Coaches and medical professionals alike spoke out this month against proposed statewide legislation that would limit tackling in youth football practices. The measure was crafted in an attempt to curb head injuries.
State Rep. Carol Sente, a Democrat representing the 59th District, introduced House Bill 1205 last month and sought feedback on the measure during a Feb. 25 forum at Vernon Hills High School. The goal of the forum, she said, was to gauge whether constituents wanted her to push the bill.
Roughly 100 people attended the forum and nearly half said they are or were high school football players or coaches.
“If these kids stop playing football, we’ll end up talking about concussions in basketball and hockey when they start playing those sports instead,” said Libertyville Township resident Gregory Rocco, who is also a doctor in Kenosha, Wis. “Last week I helped a patient who had a concussion from an elbow to the head during a basketball game.”
Rocco, also a former high school and college football player, was one of nearly a dozen people who spoke from the audience. He said contact in practice is needed so student athletes can learn how to properly play the game.
Several other attendees echoed that opinion during the two-hour event, including neuropsychologist Beth Pieroth. While not a member of the audience, Pieroth was, instead, part of a seven-member panel of experts Sente assembled for the forum. The panel was made up of athletic and medical specialists, including Illinois High School Association Executive Director Marty Hickman.
Pieroth, a neuropsychologist at NorthShore University Health System, said the medical community is actually disputing the current criteria used to diagnose concussions.
“Plenty of guys who play football, even professionally, have no injuries or problems,” Pieroth said. “Some people are predisposed to injuries. In 10 years, we will be genetically testing kids to see if they are susceptible to certain injuries.”
Sente introduced the bill after neurologist and local resident Lawrence Robbins approached her with concerns about athletic head injuries. Robbins was another member of the panel and defended his research that said an average life-long football player takes approximately 8,000 blows to the head.
“It’s the lower-level hits I’m worried about,” Robbins said. “Studies show the kids who never reported concussion still do not have healthy brains.”
Robbins said the National Football League currently faces about 4,000 lawsuits from retired players, but the league will win those cases because of evidence that says injuries were first caused while playing youth football.
Vernon Hills resident Bart Newman was Robbins’ lone supporter who spoke out.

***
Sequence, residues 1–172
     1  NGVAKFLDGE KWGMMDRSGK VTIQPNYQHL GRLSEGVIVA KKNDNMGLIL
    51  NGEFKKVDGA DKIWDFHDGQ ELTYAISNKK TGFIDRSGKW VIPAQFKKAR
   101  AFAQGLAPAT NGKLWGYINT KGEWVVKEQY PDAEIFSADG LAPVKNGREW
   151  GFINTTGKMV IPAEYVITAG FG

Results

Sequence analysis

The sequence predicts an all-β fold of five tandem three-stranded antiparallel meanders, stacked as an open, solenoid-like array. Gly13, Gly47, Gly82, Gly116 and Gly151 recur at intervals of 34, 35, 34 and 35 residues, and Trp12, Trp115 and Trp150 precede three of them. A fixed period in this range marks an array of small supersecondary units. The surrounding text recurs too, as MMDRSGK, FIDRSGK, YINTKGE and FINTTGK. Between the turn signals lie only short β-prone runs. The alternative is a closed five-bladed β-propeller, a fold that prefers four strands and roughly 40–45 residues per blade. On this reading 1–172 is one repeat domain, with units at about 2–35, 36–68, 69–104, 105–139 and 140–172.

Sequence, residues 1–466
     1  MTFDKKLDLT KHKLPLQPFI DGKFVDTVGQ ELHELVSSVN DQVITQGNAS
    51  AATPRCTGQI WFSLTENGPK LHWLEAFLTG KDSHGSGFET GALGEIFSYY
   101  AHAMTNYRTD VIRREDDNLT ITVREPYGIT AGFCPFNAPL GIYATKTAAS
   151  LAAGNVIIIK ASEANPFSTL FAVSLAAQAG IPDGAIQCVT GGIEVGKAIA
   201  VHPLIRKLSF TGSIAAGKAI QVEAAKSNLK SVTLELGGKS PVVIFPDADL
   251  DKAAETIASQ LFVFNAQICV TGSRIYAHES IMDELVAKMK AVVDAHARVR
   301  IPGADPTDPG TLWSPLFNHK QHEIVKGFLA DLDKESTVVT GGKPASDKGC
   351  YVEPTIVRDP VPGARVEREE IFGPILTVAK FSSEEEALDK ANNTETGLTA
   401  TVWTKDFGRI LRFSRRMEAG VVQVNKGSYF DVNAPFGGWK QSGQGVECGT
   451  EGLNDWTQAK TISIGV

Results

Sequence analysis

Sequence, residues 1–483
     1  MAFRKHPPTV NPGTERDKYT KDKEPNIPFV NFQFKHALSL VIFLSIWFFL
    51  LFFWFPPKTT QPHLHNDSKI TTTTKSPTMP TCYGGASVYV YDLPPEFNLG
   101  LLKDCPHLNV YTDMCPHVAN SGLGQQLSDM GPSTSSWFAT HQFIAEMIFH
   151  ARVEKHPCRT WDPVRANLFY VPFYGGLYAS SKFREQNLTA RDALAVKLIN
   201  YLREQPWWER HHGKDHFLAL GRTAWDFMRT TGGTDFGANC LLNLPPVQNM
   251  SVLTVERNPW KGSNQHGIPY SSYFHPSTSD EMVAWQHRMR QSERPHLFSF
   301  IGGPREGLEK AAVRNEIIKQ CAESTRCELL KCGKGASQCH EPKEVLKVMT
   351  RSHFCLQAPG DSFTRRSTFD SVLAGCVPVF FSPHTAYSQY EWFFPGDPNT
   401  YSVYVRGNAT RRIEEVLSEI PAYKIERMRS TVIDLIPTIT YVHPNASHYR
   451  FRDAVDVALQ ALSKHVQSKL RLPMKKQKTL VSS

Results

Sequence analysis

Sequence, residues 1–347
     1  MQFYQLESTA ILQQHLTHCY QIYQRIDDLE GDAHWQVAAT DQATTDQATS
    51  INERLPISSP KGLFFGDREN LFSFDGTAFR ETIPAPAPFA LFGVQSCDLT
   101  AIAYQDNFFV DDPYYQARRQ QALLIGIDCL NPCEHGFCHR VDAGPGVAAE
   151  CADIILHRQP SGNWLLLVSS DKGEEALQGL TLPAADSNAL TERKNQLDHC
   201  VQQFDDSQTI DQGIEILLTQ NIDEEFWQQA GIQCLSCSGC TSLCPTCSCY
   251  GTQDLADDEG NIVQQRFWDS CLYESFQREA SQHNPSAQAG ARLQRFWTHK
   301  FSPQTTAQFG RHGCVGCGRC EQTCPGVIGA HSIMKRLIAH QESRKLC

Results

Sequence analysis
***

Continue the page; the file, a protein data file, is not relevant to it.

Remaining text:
“Before now I was afraid to speak up because I didn’t want to be perceived as anti-football,” Newman said. “I want to see the sport survive and thrive but there is some truth to this information.”
Newman said he’s been involved in football for 31 years as a youth, high school and college offensive player, as well as a coach and parent of a football athlete.
While playing in college, Newman said he was hit in the head during the first quarter of a game and experienced an orange flash. He continued to play and said he felt as if he was “in a bubble.”
Later that day, his coach named him as a top player of the game.
“My coaches and the referees didn’t notice anything different about me,” Newman said. “I was not asked to play hurt because they didn’t know. We can’t rely on young men to tell us when something is wrong.”
Sente emphasized throughout the evening that the bill was filed to meet a General Assembly deadline, but she can and will revise or remove it as she learns more. She said she hopes to hear from constituents and gather additional information during a future house committee discussion in Springfield.
At one point during the forum, she offered to change the bill so it limits contact practices to two days a week. But audience members speaking did not respond favorably.
Lincolnshire resident John Munger said he opposes the process completely.
“A solution to a problem is not always to create a law,” Munger said. “After listening to all these athletic directors and coaches, you can tell they care, are aware and were working on these risks before any law was proposed. Let’s take a cue from them and trust in our parents and coaches and let us choose how to live our lives.”